Reporting In

A few weeks ago, I received this message from one of the top Merge execs (emphasis mine):


Notification of Enhanced FDA Reporting Methodology
Dear Valued Customer,
As part of our commitment to ensure compliance and driven by our objective to deliver high-quality medical devices, we want to inform you of a change in our quality management processes to provide greater transparency to our customers and raise the bar on delivering quality in the medical device industry. I also want to take this opportunity to reiterate Merge Healthcare’s commitment to implementing corrective actions to ensure compliance with the Federal Food, Drug, and Cosmetic Act and all regulatory requirements. Merge’s executive management team takes the FDA’s observations seriously, and we have been fully cooperating with the FDA to resolve any questions or concerns expressed by the FDA.
Merge Healthcare has enhanced its FDA reporting methodology to report to the FDA product corrections and removals including those that may be classified by the FDA as Class III recalls. For clarity, Class III recalls signify the lowest potential risk situations, representing minimal impact to patient care. In this context ‘recall’ can be a form of communication and should not be interpreted as always requiring an update to a product. This change in policy will also increase transparency and notification to the FDA of Corrections and Removals associated with our medical devices. As a result, it is very possible that you will see an increased number of reported events on the FDA website. You will also see an increased number of messages from us, explaining the details around the event and any required action that may need to be taken. 
So what does this mean to you? It means that we will continue to provide timely and comprehensive communication and information about the use of our products and overall product quality. It also means we will continue to deliver solutions you can trust and that help you provide the best patient care possible. And lastly, it means we will continue to provide world class support of those solutions and provide the opportunity for you to take advantage of our latest product advancements.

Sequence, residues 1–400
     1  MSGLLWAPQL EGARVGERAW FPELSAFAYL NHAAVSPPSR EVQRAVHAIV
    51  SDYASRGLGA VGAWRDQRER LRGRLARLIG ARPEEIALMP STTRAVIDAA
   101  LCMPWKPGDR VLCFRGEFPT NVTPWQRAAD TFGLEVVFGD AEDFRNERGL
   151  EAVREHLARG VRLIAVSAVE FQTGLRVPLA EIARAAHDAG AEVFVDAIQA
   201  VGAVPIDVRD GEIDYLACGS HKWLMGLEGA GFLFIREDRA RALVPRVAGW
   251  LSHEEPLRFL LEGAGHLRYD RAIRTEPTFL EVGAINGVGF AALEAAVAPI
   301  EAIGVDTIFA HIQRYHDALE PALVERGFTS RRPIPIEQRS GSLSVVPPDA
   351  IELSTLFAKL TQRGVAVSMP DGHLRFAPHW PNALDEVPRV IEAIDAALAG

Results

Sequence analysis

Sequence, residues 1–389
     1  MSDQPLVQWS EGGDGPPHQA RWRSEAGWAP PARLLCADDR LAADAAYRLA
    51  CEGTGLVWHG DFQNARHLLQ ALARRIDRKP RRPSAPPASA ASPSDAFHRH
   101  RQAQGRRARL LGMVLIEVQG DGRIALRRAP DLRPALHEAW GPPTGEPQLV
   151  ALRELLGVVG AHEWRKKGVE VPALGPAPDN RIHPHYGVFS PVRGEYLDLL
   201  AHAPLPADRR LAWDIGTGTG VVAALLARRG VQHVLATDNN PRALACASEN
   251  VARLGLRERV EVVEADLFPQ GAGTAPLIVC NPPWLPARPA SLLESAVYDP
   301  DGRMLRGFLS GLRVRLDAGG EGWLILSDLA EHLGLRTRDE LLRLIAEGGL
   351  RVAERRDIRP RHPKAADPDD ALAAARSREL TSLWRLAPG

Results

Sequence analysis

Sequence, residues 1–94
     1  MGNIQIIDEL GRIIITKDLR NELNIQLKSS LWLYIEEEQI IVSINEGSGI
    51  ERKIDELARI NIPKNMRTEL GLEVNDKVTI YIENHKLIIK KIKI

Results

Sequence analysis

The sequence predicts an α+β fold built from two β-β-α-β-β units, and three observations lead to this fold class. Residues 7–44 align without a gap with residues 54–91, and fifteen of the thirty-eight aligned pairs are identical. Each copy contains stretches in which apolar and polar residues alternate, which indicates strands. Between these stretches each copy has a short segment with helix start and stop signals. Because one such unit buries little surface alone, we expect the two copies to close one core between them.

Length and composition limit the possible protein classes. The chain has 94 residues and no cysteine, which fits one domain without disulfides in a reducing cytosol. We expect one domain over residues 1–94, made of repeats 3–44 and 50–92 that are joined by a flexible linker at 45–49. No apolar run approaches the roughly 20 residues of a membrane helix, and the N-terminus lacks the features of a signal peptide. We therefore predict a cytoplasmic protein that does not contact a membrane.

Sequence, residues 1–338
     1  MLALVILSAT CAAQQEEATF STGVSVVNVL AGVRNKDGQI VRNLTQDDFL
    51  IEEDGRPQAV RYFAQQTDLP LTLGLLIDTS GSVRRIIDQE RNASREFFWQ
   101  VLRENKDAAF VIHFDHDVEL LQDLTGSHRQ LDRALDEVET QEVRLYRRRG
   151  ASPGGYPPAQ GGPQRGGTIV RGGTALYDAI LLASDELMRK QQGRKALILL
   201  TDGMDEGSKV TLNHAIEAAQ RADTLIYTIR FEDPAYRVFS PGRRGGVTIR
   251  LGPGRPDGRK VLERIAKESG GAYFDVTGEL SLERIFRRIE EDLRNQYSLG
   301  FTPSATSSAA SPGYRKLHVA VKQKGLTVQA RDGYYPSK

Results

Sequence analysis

Merge Healthcare intends to advance the delivery of quality, patient-centric solutions in healthcare. We thank you for your continued partnership with Merge Healthcare and look forward to continuing to serve you for your current and future needs.
If you have any questions or would like to discuss this matter further, please feel free to reach out to me at your convenience.

I am gratified to read this; it is an upstanding and even courageous stance.

Software, being written by human beings, always contains some mistake or glitch or something. The PACS created by Merge, and its predecessor AMICAS, are no exceptions. THIS LINK takes you to the 11 complaints I could find about Merge PACS. THIS LINK shows a few more, older complaints when AMICAS ran things.

By the way, MAUDE in the list of problems stands for: “Manufacturer and User Facility Device Experience”. I guess that could be positive or negative.

Having a problem? Your government is here to help you. Search for it at:

via Blogger http://ift.tt/1K71Ucn January 25, 2016 at 01:40PM

RAD-AID

If you didn’t know, I’m semi-retired, working only 26 weeks of the year. That would be half of the year for those uncomfortable with mathematics. The ultimate plan is to do this for another 12-18 months (one to one and one half years if you need the conversion factor) and then goodbye to the joys of private practice.

Of course, my ultimate plan lacks some ultimate planning. Being relatively young, and in relatively good health, I’ve got to do something with all that free time beyond writing blog posts few read, and lurking around Facebook and AuntMinnie.com.

A friend knew people who were going to create a flying hospital within an old 747 some airline was going to donate to them. I found this a fascinating concept, and I was forwarding suggestions as to which scanners and PACS and so on might be critical for such a project. Sadly, this has yet to get off the ground, so to speak.

A Merge Healthcare newsletter, however, revealed their partnership with RAD-AID, a world-wide Radiology project that IS active, and in fact has done quite a lot of good already in many far flung places.

Chicago, IL, 10 Sep 2015

Merge Healthcare (NASDAQ: MRGE) today announced a new global collaboration with the nonprofit organization, RAD-AID International, (US Registered 501c3) to bring vital radiology and health information technologies to medically underserved and poor regions of the world. The collaboration—RAD-AID Merge International Imaging Informatics Initiative (RMI4)—leverages Merge’s leadership in radiology information technologies with RAD-AID’s global health outreach network, including 3,500 volunteers, 14 country-outreach programs, 33 university-based chapters and affiliation with the United Nations’ World Health Organization (WHO).